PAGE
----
Mike – When I was in London at the theater, some friends told me that they had been to some film screenings and, in a theater that seats 200 people, there would only be three to eight people in paid attendance!

I couldn’t believe it!

I was shocked. I thought about my wife. What would she say if I had spent three years of my life making a movie, spent another $2000 going 6000 miles to the other side of the earth only to have it viewed by four people (including me?)

So, with that, I decided what my mission was: I had decided to sell out our screenings or, if I couldn’t, to at least give it the good old samurai try (try or die trying!)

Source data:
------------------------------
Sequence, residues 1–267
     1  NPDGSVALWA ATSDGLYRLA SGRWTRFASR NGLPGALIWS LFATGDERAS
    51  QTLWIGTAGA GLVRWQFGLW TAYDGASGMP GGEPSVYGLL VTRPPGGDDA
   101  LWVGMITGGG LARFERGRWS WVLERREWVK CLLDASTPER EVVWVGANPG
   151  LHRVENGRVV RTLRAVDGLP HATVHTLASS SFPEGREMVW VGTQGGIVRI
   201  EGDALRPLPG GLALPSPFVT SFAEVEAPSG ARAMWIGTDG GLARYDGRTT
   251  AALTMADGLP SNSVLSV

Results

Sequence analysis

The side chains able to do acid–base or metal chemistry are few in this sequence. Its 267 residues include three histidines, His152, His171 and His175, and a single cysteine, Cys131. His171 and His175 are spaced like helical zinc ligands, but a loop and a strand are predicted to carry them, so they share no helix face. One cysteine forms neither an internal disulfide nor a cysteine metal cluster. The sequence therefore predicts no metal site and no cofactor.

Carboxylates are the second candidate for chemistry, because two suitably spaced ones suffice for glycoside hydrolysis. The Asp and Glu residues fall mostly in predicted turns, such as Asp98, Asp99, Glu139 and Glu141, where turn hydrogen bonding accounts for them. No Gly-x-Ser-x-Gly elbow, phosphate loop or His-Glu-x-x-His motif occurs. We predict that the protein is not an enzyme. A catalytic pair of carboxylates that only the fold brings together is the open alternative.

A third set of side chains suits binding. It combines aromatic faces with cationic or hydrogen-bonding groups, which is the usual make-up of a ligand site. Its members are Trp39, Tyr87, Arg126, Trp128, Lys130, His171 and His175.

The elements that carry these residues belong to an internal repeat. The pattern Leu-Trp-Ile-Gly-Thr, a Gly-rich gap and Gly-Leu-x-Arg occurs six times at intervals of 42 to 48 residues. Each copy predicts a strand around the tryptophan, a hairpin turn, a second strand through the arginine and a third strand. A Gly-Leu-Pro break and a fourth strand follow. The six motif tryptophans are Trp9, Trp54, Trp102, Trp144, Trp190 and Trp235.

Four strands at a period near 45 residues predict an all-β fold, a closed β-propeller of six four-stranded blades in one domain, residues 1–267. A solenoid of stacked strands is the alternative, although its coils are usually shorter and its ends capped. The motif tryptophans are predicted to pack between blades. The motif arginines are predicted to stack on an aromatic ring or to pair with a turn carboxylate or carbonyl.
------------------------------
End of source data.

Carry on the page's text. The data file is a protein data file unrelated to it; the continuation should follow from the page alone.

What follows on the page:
I decided that since we couldn’t hang posters at the theater, I’d take my biggest poster and make a sandwich sign. Then I’d stand in front of the theater wearing the sign every day.

I went to an art shop and bought the supplies for making the sandwich sign. I then went home and constructed it with more loving care than mom making Christmas dinner. The next morning, I went back to the theater with my sandwich sign and put it on and I stood there; in the heat and the sun… I would stand in front of the theater with my sign for four and a half or five hours every day.

I wondered why other filmmakers are so self-conscious and embarrassed that they refuse to promote their own films in this way? Nobody really cares what we do. Nobody watches us as much as we like to think they do.